On Fri, Apr 2, 2010 at 5:28 PM, C. Michael Pilato <cmpilato_at_collab.net> wrote:
> But communication alone isn't enough. We need to find ways to grow our
> developer community itself. Attendance at the recent Subversion Corporation
> Annual Members Meeting was low (by design and recommendation, of course),
> but a startling realization was made there. When the agenda item for voting
> new full committers into membership was on the table, there were no
> candidates. Think about that: no new full committers for Subversion in the
> past year. This is a bad thing. We need to find a way to embrace and
> empower would-be Subversion contributors. Telling them to troll through the
> issue tracker looking for bite-sized issues is not the way to do that -- it
> communicates "we can't be bothered to mentor you". When somebody wants to
> start making contributions, our community must recognize the value of that
> contributor and mentor him or her toward full committership, for the good of
> that contributor and of the community. Further, our public roadmap needs to
> highlight the items that we really wish we could be working on but lack the
> manpower to handle. This would provide those looking for ways to accelerate
> Subversion's roadmap with some cues for doing that in harmony with the Big
FWIW, I just wanted to add my view on this, as a relative newcomer to
svn (using & administering since 1 year, and becoming more and more of
Being a software developer myself (ok, my C knowledge/experience is
pretty limited and somewhat rusty, but whatever) I've been trying for
a while to become more involved, looking around for something I could
contribute in the form of code (like ).
IMHO a couple of things made it unnecessarily difficult to make the
transition from enthusiast to feeling confident enough to dive into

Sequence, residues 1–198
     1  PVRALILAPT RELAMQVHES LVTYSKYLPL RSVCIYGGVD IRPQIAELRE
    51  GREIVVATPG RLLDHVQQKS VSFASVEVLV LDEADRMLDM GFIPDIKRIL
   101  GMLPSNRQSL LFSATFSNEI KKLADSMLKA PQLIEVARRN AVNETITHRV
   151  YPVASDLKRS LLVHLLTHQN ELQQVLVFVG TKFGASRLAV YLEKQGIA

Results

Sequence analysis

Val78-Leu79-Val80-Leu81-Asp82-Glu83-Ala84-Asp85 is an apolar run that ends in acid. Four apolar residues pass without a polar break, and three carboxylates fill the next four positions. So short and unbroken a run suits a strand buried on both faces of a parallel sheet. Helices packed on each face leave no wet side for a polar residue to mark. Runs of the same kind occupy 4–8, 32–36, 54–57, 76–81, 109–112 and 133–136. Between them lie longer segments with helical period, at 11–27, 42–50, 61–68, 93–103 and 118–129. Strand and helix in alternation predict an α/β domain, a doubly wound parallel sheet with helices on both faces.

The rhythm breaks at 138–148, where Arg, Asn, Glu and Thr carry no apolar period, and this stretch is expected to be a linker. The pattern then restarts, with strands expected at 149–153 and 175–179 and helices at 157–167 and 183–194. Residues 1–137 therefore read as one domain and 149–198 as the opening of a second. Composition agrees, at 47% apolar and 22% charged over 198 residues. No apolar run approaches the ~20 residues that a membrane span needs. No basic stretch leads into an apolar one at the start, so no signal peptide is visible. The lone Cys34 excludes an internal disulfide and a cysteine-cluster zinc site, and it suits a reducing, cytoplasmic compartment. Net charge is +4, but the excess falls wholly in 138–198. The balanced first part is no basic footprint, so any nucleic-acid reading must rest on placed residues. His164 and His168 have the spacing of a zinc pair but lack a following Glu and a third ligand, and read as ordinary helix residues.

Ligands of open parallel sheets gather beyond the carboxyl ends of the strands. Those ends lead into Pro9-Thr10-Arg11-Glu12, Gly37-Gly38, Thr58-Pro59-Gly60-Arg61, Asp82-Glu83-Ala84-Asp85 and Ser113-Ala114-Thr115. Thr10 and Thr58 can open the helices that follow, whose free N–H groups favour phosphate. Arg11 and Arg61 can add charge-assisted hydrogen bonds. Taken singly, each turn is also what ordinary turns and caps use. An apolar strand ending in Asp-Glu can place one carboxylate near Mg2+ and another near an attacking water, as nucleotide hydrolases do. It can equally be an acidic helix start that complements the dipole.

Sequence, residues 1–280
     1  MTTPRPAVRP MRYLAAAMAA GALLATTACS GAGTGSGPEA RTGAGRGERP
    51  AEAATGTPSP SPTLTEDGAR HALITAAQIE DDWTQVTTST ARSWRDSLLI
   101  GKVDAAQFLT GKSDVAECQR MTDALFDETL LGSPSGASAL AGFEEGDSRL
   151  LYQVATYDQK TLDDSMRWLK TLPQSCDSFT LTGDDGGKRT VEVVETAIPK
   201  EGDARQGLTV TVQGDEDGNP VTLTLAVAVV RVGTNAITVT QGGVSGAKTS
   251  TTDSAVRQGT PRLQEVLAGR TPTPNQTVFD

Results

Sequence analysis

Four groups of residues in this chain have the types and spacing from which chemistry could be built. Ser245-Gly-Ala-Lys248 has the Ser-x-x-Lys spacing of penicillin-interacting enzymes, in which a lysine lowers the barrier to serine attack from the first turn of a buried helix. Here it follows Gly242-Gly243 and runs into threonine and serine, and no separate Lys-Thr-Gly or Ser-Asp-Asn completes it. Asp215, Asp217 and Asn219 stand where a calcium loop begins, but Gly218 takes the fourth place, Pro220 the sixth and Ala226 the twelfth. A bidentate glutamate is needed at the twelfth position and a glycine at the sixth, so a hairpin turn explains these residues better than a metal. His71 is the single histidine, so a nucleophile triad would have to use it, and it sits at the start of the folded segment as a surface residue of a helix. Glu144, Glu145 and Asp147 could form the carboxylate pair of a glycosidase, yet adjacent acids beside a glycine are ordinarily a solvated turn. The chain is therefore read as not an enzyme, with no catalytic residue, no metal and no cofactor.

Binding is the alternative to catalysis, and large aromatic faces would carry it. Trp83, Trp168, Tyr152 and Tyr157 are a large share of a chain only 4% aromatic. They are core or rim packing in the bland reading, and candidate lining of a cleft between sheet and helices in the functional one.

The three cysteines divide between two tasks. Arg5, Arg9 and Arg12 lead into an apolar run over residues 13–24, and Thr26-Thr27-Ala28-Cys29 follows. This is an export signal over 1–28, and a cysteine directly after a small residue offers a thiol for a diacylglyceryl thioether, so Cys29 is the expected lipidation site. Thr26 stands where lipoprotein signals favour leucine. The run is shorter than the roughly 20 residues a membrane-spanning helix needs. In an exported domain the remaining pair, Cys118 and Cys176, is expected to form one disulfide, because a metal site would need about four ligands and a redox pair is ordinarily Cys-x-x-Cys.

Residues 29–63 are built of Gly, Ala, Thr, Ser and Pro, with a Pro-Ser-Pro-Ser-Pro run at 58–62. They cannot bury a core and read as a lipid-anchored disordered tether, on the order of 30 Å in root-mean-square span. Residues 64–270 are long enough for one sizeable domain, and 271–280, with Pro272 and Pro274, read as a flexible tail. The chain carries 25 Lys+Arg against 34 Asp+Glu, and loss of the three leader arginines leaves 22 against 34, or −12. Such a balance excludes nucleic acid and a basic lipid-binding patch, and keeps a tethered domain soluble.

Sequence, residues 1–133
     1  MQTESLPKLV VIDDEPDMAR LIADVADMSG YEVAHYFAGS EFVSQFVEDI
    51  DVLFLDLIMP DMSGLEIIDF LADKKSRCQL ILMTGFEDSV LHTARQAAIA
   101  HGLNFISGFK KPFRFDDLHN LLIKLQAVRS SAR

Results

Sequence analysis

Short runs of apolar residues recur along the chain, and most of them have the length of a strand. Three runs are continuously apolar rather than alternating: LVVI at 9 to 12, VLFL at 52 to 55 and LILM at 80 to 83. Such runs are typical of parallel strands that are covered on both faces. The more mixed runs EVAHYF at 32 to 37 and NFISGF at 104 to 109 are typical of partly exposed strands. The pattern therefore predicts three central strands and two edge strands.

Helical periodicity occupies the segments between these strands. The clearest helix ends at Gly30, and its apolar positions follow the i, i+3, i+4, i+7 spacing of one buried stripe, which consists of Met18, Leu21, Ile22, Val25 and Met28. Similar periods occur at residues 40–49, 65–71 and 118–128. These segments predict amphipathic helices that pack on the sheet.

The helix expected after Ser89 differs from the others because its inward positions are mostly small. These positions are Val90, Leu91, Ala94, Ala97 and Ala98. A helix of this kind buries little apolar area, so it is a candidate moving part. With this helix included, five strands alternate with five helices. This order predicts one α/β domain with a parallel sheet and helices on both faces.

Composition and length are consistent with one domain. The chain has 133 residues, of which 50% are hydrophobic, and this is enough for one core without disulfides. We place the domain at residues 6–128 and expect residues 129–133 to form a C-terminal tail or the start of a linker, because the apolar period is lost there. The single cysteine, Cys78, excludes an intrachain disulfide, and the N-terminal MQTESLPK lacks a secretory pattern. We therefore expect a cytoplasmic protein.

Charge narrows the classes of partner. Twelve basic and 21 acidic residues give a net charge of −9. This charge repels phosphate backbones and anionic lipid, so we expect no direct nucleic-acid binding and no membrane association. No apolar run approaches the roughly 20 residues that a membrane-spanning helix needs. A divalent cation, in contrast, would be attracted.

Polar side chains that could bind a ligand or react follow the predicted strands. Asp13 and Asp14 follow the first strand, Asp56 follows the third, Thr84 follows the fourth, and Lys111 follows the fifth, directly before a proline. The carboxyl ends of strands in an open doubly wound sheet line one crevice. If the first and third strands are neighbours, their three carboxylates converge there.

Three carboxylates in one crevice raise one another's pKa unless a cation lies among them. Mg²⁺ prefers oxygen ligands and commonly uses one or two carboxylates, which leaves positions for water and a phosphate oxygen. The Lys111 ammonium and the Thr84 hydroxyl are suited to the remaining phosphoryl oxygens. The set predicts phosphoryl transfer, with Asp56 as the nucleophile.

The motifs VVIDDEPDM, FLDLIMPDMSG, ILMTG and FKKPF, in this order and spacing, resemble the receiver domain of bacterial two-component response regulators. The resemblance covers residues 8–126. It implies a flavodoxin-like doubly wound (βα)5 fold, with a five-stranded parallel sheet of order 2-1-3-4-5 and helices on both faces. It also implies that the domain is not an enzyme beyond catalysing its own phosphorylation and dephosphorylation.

1) Subversion Community Guide (aka HACKING): it may be a great
reference and important guideline to keep everyone in line, but it's
not very good for getting new developers started.
* It's huge, so it takes a lot of time to read and understand.
* The document indicates that you have to read through the entire
document before considering to contribute code ("No, wait, first read
the rest of this file, then start sending patches to
* It's not only the document itself, but also the stuff it refers to
(in "Theory and documentation" and in "Code to read"). For people like
me (the sensing type, for people that know MBTI :-)), that means I
*have to* grok all that stuff before I can move on.
* It contains a lot of stuff that's not really that important for
someone trying to make a first contribution
Don't get me wrong: all the stuff in there is very important, and so
is the documentation it references (it helped me a lot to understand
the code), but it is a lot. It might be easier, more efficient, ...
for people considering to make their first contribution to make some
kind of "bootstrap document" out of it, and let people dive into the
code as quickly as possible.
2) Missing medium-level documentation. I'm missing something in
between the old design spec (although outdated, it's still quite
useful; however, it should really be updated) and the documentation in
the code. The code is very well documented, but as a newcomer I found
it quite difficult to get a grasp on the larger structures, flow, how
things are interconnected (layers, callbacks, ...), ... Maybe
something in between the high level design doc and the
code-documentation could help?
3) It's too difficult to get a development/debugging/testing
environment up and running, especially on Windows. That was really a
huge time sink for me ...
Just my 2 cents ...
 http://svn.haxx.se/dev/archive-2010-03/0503.shtml - Looking to
improve performance of svn annotate
Received on 2010-04-08 23:13:12 CEST